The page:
Investment Commentary – March 11, 2020
Year to Date Market Indices as of Market Close March 11, 2020
• Dow 24,346 (-15.02%)
• S&P 2,802 (-13.32%)
• NASDAQ 8,144 (-9.77%)
• Gold $1,661 (9.31%)
• Oil $33.49 (-45.29%)
• Barclay Bond Aggregate (3.84%)
• Fed Funds Rate 1.25 (-0.50% 3/3/20)
• US Real GDP Growth 2.1 Q4/2019
Thoughts On the Coronavirus, the Economy, and Markets
“The good news is that going into this situation, the U.S. economy was in pretty good shape, putting us in a better position to withstand the negative impact of this exogenous shock.”
The risk of further downside in asset prices is likely to remain elevated until the United States begins widespread testing for the Covid-19 coronavirus and the extent of infection here is known. Only then can we have any idea of the scope of mitigation steps that may be necessary and the magnitude of potential loss to the economy.
Depending on the test results and, more importantly, on how many of those tested are in need of hospitalization, the health care system could be overwhelmed very quickly. Under the circumstances, one would expect significant mitigation measures to be rolled out at some point in an attempt to minimize the spread of the infection. The impact on the U.S. economy would likely be severe, as both aggregate supply and demand would be interrupted, resulting in a deep recession.
The Role of Monetary and Fiscal Policy
Monetary and fiscal policy measures can’t prevent a downturn driven by disease mitigation but might help stimulate a more rapid recovery. Low interest rates, targeted credit, income support, and socialization of healthcare costs would prevent short-term damage from bankrupting households and businesses with weak balance sheets that might otherwise be unable to participate in an economic recovery.
If comprehensive income replacement is offered, particularly to consumers and small businesses with a high propensity to spend, the production of goods is likely to accelerate rapidly to both meet demand and rebuild inventories, i.e. a V-shaped recovery. On the services side of the economy, production is likely to reach previous levels of demand once the need to avoid contact with other people passes, but would only overshoot earlier levels in limited circumstances since, usually, production and consumption occur simultaneously.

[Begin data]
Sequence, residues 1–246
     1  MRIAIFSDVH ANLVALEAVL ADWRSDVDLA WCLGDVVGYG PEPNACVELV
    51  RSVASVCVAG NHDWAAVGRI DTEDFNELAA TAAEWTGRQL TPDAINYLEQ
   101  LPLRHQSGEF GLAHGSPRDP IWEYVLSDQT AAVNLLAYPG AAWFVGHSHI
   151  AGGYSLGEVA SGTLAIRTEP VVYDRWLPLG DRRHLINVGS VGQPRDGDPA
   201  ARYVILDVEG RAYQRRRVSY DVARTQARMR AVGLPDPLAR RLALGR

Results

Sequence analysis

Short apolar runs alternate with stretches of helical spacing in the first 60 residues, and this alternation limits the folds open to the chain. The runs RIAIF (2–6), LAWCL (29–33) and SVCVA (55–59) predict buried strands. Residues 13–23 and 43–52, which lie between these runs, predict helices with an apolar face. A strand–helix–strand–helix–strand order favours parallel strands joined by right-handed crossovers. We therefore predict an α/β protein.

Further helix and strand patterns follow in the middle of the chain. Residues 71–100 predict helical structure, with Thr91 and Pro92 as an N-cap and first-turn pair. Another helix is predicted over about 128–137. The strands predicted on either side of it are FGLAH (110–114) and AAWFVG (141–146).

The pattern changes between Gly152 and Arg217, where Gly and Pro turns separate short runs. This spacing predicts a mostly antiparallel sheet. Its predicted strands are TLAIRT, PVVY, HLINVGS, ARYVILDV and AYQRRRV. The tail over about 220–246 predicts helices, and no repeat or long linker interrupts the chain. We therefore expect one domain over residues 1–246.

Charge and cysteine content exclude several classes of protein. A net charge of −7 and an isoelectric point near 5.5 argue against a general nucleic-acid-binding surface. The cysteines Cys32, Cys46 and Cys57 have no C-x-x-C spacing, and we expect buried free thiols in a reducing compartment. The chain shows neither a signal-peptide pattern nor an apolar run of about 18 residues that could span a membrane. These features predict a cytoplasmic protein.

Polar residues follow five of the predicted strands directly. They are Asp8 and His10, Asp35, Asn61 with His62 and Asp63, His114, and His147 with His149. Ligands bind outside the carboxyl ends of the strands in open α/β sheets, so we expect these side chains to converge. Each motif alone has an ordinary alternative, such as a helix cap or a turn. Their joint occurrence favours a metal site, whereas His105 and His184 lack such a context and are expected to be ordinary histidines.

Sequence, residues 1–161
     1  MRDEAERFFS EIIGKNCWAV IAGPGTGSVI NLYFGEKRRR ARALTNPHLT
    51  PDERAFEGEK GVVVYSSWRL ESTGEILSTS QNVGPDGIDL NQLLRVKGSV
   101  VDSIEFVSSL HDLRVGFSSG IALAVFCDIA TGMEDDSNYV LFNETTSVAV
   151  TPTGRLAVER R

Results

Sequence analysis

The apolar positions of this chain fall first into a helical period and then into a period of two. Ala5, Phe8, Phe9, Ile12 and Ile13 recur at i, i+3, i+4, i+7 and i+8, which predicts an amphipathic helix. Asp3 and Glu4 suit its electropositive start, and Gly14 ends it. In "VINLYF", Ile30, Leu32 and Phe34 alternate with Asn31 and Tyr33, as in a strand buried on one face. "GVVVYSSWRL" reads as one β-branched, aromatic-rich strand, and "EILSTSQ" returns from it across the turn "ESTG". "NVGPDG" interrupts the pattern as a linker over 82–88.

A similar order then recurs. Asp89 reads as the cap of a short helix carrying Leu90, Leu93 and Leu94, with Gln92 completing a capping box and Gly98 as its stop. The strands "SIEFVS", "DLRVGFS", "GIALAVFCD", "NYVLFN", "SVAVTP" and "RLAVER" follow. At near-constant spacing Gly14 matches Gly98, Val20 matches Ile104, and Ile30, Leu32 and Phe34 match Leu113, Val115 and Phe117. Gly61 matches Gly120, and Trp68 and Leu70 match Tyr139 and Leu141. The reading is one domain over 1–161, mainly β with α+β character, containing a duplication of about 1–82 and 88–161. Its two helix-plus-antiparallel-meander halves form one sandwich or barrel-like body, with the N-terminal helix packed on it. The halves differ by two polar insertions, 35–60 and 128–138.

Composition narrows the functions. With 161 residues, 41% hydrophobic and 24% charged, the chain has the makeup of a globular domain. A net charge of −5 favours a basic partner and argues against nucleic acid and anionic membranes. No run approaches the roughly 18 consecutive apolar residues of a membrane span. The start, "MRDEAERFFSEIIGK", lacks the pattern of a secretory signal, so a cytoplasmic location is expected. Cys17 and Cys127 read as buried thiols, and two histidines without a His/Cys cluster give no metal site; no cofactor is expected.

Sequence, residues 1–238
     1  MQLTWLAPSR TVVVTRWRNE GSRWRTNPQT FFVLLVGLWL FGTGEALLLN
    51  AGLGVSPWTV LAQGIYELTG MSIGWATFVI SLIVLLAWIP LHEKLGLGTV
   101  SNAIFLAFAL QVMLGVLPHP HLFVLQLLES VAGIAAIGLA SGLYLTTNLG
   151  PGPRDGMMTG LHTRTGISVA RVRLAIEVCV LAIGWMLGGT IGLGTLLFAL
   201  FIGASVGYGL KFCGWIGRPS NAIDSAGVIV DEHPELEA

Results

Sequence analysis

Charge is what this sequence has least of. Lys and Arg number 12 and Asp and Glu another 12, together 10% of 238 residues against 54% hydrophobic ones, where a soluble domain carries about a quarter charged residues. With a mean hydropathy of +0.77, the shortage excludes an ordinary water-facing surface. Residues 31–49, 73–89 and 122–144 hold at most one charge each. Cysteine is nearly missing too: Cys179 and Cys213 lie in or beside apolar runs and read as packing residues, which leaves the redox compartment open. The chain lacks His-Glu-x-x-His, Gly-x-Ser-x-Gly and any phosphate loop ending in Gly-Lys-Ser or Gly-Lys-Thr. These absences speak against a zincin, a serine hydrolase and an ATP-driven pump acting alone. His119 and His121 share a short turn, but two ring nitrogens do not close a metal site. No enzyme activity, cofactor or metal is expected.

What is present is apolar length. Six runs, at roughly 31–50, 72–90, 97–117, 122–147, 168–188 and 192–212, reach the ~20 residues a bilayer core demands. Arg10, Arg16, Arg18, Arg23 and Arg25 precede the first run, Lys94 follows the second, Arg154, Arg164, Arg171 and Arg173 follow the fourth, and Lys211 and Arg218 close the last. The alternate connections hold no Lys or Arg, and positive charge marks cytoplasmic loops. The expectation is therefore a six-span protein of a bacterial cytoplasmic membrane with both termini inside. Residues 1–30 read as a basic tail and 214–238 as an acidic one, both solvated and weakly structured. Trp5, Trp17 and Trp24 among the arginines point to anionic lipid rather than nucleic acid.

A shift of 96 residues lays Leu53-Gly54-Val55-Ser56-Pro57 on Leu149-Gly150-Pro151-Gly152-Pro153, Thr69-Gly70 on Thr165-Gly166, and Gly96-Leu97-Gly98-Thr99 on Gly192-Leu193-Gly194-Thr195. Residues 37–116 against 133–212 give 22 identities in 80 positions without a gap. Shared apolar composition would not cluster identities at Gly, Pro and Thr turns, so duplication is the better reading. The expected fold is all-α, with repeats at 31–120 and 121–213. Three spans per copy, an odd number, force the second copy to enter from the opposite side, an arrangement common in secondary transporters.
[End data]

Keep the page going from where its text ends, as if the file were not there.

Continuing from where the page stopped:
The growth rate of the economy in the longer-term might also be affected by the specific steps taken to foster a recovery. If too much stimulus is applied, it could undermine the low inflation/low volatility growth path the economy was on before the virus struck. In addition, global trade could be damaged, and the growth rate of the global economy could slow, as was the case following the downturn in 2008-2009, if multinational businesses decided to re-localize their operations as a response to unexpected delays in deliveries from overseas suppliers. This might also contribute to greater inflation pressure as effective aggregate supply is reduced.
Around the Web
Constant fluctuation: Price movements were sharp across most major asset classes amid growing fears about the global impact of the coronavirus outbreak. As for U.S. stock indexes, they finished slightly higher for the week overall, despite huge daily swings; the S&P 500 posted two daily gains of around 4%, a pair of roughly 3% drops, and a nearly 2% decline.
Fed to the rescue: In response to the economic damage from the coronavirus outbreak, the U.S. Federal Reserve on Tuesday cut interest rates by 50 basis points, bringing the federal funds rate to a range of 1.00% to 1.25%. It was the first time since 2008 that the Fed approved a rate cut outside of a scheduled policy meeting; its next meeting is March 17–18.
Coronavirus counterattack: As the global estimate of confirmed coronavirus cases climbed above 100,000 on Friday, President Trump signed an $8.3 billion measure to combat the U.S. spread of the virus. In addition, White House economic advisor Larry Kudlow said the administration was considering federal interventions to help workers, companies, and industries hurt by the outbreak.
Federal budget, U.S. Department of the Treasury
The views presented are not intended to be relied on as a forecast, research or investment advice and are the opinions of the sources cited and are subject to change based on subsequent developments. They are not a recommendation, offer or solicitation to buy or sell any securities or to adopt any investments.